A Dreadful Study
Dr. Gregory Berns, psychiatrist and neurosurgeon at Emory University, wanted to find out. So he set up the most dreadful experiment in order to learn about the science of dread and how the brain reacts to it. Funded by the National Institute on Drug Addiction, he set up his study (published just last Friday in Science) in the following manner:
He took 32 suckers, eh...um, participants, hooked them up to an MRI scanner, and then shocked the hell out of them. Literally. After an initial round of 96 FREAKING shocks to their left feet created a pain threshold baseline, researchers told each test subject the amount of pain (as a percentage of maximum pain threshold) prior to each shock to their left feet.
Round two then changed the rules. Prior to each shock, the participants were given a choice: you can either get a hurtful shock, closer to 100% right now, OR you can sit there and wait around for awhile and get a milder shock after some time had passed.
Several people couldn't stand waiting around for a milder shock and decided to get the higher voltage shock immediately. This reaction goes against common sense, unless you're a plain masochist, but this group of "extreme dreaders" couldn't stand the anticipation of the shock. They preferred to get the more painful jolt now instead of dealing with waiting for one...even if it was going to be less painful.
"A subset of people didn't want to wait," Dr. Berns reported. "They dreaded it so much that they preferred the bigger shock sooner. That is irrational behavior."
Instead of waiting 27 seconds for a 60% shock, they decided to get the 90% shock immediately.
My question is: Just how much are they paying these idiots getting the crap shocked out of them?
The MRI scans revealed the brain activity of the participants. The regions associated with pain obviously flared up like the 4th of July. Interestingy, the areas of the brain associated with attention were also lit - with the extreme dreaders' areas especially intense. I wonder if the part of the brain that is associated with, "Why the hell did I sign up for this damn experiment?" thoughts were also active.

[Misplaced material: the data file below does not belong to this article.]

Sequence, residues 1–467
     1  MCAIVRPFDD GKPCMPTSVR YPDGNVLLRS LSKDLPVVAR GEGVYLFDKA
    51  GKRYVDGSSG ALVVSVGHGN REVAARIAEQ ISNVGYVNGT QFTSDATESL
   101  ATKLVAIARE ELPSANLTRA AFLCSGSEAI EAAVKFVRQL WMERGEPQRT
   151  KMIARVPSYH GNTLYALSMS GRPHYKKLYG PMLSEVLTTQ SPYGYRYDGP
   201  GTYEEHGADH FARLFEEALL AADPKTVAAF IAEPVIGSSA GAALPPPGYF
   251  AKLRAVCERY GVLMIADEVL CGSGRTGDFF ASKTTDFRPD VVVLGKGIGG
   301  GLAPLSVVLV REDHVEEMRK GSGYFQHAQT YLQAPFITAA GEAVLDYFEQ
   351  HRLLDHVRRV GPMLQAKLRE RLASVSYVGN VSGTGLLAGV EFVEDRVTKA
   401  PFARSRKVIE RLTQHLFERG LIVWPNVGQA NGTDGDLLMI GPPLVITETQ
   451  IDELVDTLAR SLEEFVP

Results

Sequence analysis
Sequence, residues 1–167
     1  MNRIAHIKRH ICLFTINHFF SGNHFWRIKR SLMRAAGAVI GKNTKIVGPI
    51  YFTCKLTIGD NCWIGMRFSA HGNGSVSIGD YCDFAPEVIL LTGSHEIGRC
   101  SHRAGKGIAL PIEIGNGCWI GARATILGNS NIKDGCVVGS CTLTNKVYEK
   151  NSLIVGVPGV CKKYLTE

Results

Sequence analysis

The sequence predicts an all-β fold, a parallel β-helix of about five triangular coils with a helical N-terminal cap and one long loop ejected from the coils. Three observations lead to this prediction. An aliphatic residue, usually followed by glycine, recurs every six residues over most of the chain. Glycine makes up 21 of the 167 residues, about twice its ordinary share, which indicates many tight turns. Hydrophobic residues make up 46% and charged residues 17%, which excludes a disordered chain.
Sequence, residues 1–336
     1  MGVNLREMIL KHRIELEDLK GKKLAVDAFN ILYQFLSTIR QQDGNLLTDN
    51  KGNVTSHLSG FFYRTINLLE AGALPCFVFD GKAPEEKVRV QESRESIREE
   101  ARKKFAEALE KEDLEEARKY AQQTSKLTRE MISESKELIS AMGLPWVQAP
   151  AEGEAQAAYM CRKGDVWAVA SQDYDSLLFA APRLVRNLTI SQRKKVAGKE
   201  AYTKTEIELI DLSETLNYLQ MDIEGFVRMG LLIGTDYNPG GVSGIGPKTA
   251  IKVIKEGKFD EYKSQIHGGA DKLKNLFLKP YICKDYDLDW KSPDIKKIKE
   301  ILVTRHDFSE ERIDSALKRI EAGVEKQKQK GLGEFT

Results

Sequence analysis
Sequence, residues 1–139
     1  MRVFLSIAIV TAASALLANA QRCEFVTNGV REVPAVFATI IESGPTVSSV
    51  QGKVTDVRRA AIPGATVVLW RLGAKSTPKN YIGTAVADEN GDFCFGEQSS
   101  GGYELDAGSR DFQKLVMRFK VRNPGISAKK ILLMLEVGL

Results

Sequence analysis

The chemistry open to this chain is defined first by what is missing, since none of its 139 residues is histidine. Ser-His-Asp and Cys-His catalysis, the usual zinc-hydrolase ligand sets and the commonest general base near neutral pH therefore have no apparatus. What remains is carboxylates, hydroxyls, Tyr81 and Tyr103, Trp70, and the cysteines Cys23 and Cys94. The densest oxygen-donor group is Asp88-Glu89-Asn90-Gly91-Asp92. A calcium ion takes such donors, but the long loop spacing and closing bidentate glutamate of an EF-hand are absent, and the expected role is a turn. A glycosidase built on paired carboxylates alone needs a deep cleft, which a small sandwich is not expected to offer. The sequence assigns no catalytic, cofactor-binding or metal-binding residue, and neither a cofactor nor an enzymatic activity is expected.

So what do these results mean?
It seems for many people, the anticipation of something bad about to happen just makes it worse. Doing things like listening to music or watching a movie will probably distract an extreme dreader and take their mind off of things. The experiment also showed that feeling a high level of dread will actually make a normally rational person behave irrationally. These findings make it especially relevant to an organization like the National Institute on Drug Addiction.
Drug addicts often make poor decisions - ones that go against common sense. Since dread affects rational thought, this is some insight as to how the brain works when faced with dread and having to make a decision. "Addiction is a disorder of decision-making," Dr. Berns said.
So why do some people avoid going to the dentist even with a terrible tooth ache? Or how about not going to the doctor when someone experiences chest pain or feels a lump somwhere? Because the anticipation of going creates a high level of dread, and people will often avoid the situation alltogether - even against better judgment.
For you extreme dreaders out there, the next time you're faced with something bad or stressful coming up, try to distract yourself. A speech coach once told me in order to get over the public speaking jitters, distract myself by imagining the audience naked. Maybe I'm just perverted, or maybe public speaking doesn't make me feel very much dread, but the technique didn't work.
I just ended up with the case of the giggles.